Whether we choose to believe it or not, we human beings are embodied creatures. There have been many times throughout the history of philosophy and religion when great thinkers have tried to minimize or deny the physicality of human existence. Simple phrases such as “mind over matter” and biblical passages such as 1 Corinthians 9:27, “but I punish my body and enslave it,” have contributed to the misleading belief that we are at our best as human beings when some spiritual core that is separate from our physical nature governs our lives.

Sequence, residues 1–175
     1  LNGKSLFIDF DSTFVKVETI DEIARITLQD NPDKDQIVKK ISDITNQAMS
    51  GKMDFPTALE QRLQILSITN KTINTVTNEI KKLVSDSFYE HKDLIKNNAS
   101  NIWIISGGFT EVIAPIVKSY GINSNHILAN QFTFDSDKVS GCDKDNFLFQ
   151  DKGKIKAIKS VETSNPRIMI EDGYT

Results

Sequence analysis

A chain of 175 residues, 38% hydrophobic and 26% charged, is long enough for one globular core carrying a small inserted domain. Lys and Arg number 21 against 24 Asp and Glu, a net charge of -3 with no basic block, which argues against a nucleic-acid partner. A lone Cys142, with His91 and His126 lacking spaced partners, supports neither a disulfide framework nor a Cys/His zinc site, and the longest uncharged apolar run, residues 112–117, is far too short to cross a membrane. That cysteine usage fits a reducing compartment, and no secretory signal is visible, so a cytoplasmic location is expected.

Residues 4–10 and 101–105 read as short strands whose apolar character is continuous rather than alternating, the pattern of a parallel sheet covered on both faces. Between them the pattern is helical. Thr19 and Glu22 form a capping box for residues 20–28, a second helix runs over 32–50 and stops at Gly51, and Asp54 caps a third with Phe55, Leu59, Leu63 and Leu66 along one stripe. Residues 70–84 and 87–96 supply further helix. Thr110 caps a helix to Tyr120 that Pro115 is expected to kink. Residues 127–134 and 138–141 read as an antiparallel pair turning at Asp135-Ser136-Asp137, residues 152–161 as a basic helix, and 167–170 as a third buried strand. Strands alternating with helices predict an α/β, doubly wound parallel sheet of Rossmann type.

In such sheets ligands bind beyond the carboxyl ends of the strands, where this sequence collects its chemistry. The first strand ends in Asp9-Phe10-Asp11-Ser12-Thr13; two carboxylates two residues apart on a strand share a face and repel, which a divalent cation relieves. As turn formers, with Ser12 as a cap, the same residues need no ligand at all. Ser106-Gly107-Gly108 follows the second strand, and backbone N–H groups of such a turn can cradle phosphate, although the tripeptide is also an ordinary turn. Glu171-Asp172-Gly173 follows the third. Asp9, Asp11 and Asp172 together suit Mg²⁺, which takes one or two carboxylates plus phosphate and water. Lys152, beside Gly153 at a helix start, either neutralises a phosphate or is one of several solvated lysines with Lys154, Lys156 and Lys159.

John the Baptist baptized Jesus of Nazareth. The synoptic Gospels all say so, and the kerygma in Acts connects the beginning of Jesus’ ministry with that baptism. But although Mark seems to find it quite right that Jesus should have been among those who heeded John’s preaching, all the other evangelists seem discomfited by the suggestion that Jesus was somehow a disciple of this other preacher.